Now that health insurance reform has passed Congress, is it finally time to restore the health of America’s waters?

I know what you’re thinking — the Clean Water Act already protects the nation’s waters, right? That we learned our lesson and cleaned up our water act after the Cuyahoga River caught fire in 1969?

Wrong. America’s waters are vulnerable once again, thanks to Supreme Court decisions in 2001 & 2006. Those rulings muddied the waters and called into question long-standing Clean Water Act protections. We’re already seeing the results as wetland losses mount — over and above the 80,000 acres of our nation’s wetlands already disappearing annually. And more than one in three Americans receive drinking water from vulnerable wetlands & streams.

The National Wildlife Federation has joined with Ducks Unlimited & Trout Unlimited to release a series of reports to drive the point home:

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  • In Tennessee (PDF), up to 60 percent of stream miles and half of the state’s 787,000 remaining acres of wetlands may no longer be protected under the Clean Water Act.
  • The same confusion threatens streams & wetlands in Colorado (PDF), which provide habitat and benefits to more than 75 percent of the state’s wildlife and waterfowl. It also jeopardizes the multi-billion dollar hunting and fishing industries.
  • Montana (PDF) is home to a section of the Prairie Pothole region—an area riddled with small wetland depressions that may not look like much in isolation, but when considered in whole, are of continental importance as critical breeding habitat for North American waterfowl. These potholes also store enormous quantities of water and hold back potentially damaging flood waters.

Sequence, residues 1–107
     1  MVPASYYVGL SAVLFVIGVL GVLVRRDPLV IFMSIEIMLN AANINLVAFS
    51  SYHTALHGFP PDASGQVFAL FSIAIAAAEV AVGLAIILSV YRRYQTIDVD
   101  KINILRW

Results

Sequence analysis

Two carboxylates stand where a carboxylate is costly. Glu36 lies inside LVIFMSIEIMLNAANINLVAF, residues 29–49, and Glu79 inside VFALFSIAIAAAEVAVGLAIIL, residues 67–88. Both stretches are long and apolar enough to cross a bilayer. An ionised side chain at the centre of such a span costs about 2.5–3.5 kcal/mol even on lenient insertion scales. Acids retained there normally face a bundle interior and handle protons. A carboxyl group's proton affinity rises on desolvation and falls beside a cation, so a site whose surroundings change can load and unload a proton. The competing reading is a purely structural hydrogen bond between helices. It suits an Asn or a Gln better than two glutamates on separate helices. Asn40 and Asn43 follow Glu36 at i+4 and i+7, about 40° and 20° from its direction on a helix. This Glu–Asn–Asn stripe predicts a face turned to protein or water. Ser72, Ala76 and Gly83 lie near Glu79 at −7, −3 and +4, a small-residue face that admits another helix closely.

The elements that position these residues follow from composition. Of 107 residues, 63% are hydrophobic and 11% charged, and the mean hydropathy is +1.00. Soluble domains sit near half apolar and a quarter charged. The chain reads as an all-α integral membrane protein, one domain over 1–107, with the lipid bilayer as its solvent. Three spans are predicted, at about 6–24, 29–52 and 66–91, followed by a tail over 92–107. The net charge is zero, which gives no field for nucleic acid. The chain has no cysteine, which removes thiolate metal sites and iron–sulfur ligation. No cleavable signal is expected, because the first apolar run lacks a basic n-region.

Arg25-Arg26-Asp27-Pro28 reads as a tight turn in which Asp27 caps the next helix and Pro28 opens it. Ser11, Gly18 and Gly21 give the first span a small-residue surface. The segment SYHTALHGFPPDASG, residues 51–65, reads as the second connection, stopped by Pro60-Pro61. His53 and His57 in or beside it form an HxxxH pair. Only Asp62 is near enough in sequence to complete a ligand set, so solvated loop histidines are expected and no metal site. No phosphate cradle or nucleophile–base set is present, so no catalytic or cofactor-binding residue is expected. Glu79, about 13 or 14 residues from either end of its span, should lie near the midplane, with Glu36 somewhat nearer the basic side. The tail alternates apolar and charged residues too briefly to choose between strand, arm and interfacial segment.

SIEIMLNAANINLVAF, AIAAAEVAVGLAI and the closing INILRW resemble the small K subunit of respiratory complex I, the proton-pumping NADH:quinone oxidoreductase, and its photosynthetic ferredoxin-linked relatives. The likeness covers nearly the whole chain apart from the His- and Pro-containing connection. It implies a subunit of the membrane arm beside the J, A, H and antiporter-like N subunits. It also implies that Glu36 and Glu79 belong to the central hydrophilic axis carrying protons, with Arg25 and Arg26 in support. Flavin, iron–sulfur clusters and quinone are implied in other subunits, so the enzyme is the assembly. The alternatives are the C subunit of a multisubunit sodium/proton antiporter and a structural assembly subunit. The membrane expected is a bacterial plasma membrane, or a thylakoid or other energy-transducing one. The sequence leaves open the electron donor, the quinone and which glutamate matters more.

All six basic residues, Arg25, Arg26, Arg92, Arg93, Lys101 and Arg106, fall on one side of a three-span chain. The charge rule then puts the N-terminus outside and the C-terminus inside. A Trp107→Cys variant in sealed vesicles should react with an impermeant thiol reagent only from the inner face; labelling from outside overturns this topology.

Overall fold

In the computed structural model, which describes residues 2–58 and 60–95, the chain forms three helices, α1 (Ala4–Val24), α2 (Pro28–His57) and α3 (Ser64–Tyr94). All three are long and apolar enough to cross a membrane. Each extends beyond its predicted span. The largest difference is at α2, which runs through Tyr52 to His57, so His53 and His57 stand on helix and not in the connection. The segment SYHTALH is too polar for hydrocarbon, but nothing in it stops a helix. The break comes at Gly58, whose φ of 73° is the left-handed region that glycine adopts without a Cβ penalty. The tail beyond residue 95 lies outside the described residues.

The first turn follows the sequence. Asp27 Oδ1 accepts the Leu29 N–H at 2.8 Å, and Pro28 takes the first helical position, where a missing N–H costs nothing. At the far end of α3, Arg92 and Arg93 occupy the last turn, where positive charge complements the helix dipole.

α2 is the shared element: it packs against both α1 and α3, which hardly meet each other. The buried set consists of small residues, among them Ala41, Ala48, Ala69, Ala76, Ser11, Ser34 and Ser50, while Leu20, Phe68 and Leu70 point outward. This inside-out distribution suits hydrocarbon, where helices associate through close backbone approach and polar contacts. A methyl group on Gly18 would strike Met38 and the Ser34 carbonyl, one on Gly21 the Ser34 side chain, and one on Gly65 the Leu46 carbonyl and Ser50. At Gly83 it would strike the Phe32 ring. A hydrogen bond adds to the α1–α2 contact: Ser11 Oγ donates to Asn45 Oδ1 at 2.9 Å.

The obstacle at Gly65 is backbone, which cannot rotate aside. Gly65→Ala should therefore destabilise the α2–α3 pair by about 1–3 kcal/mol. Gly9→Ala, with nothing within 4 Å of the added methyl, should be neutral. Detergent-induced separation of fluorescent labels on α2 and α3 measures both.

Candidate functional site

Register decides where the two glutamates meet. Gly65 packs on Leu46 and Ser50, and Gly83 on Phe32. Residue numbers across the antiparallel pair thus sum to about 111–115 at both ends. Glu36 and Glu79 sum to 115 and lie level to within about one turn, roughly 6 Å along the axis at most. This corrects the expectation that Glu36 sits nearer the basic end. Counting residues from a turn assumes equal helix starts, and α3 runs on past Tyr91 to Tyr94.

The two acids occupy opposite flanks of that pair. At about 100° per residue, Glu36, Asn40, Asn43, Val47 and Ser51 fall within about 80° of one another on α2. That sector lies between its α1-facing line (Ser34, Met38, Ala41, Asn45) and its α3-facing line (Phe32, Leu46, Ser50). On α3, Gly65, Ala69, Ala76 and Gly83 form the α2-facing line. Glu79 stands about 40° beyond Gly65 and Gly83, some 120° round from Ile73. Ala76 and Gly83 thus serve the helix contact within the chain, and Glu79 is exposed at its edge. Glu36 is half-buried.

• In South Carolina (PDF), coastal freshwater wetlands areas will be increasingly important as we adapt to climate change — but they’ve lost protections. According to Professor Kim Diana Connolly, author of the South Carolina report, “The confusion and lack of clarity over what is and what is not covered by the Clean Water Act threatens to undermine years of conservation efforts.”

Even if your state’s waters aren’t specifically detailed here,  you can be sure they’re accumulating pollutants and, in some cases, disappearing.

It’s not just conservation organizations that are clamoring. The New York Times published a front page article this month documenting the confusion over Clean Water Act jurisdiction. The article emphasizes the gigantic leap backward water protection has taken in the last 10 years. According to one EPA attorney, “When companies figure out the cops can’t operate, they start remembering how much cheaper it is to dump stuff in a nearby creek.”

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Last June, the Senate Environment & Public Works Committee passed legislation that would restore the original intent of the Clean Water Act. But there’s been precious little action since then as the bill remains bottled up in the House Transportation & Infrastructure Committee.

In the meantime, America’s waters remain vulnerable. Will Congress deliver universal health care for America’s waterways?